A black belt who climbed the world’s mountains on bike and foot before he ever grew algae in a lab, Luke Spangenburg earned the first associate degree in Santa Fe Community College’s sustainable technology program.
Then he spent the past decade helping other students find their own paths in green energy.
The 55-year-old father of two died over the weekend of a heart attack while camping with a friend in the Jemez Mountains.
“He died under the stars next to the aspens on the mountain,” said his wife, Sarah Ghiorse. “That’s where his heart has always been.”
When he was 13 and 14, Spangenburg spent summers in the Yukon Territory in Canada with his grandfather. The experience was formative.
“The men in our family have always been drawn to the wilderness,” said his sister, Patricia Boyle.
In his late teens, Spangenburg took up karate, earning a black belt and winning a few national competitions. In his 20s, he embarked on a professional cycling career that spanned over 30 countries. Under the nickname “Skip,” which he came up with as a child because he wanted to be the skipper of the family boat, he won the Tour de Peru. He would have competed in the Olympics, Boyle said, if a car had not run a barricade during a race and struck him. For a time, he was in a coma.
“He walked his talk beyond what most people can comprehend,” Boyle said. “He lived his life so intensely and fully.”
After retiring from cycling, Spangenburg was working as a high-altitude mountain guide in Peru when he made a fortuitous stop in Santa Fe to visit his mother in 2006.
“His mother was my neighbor and she introduced us,” said Ghiorse, executive director of the nonprofit NewMexicoWomen.org.
In Santa Fe, Spangenburg channeled his energy into the fight for a sustainable planet, earning the associate degree in 2009 and staying at the college to teach and become director of its Biofuels Center of Excellence, which in 2015 was voted the second-ranked educational program in the field by the industry. The center studies algae and its multiple uses, including fuel, medicine and fertilizer.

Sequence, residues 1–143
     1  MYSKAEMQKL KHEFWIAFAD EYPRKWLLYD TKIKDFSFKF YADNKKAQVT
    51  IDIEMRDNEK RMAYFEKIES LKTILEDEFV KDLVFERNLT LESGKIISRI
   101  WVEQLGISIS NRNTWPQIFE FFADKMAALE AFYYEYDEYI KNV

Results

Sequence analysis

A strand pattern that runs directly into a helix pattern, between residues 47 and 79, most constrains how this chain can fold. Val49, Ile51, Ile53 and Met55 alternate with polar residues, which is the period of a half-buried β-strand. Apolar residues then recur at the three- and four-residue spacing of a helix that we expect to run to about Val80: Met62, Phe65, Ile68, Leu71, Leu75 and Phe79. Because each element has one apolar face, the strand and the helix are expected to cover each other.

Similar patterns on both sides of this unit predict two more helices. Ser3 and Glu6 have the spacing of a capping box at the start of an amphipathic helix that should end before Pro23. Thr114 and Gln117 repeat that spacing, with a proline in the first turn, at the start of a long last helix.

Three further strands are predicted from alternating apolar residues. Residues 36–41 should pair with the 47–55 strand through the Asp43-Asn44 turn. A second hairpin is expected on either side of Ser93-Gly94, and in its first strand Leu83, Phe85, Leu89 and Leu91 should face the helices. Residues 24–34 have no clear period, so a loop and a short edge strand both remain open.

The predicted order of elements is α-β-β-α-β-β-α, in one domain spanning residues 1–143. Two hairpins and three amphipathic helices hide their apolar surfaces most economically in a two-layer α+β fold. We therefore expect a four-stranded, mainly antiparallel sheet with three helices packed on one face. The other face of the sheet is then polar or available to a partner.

“There are several grants and projects where the partnership is six or seven world-renowned universities and Santa Fe Community College, and we owe a lot of that to Luke,” said Randy Grissom, former president of the college. “He was so excited about all of his work. He was so good about talking students into programs they might typically be scared off by.”
Spangenburg’s legacy continues through students studying sustainability — and in foreign newspaper clippings his mom and sisters kept from cycling races. After he died under the stars, his wife said the coroner called to tell her something she already knew.
“They called and said he had a big heart. Like his heart was physically bigger than most hearts,” Ghiorse said. “He had a big heart and he shared it with everyone.”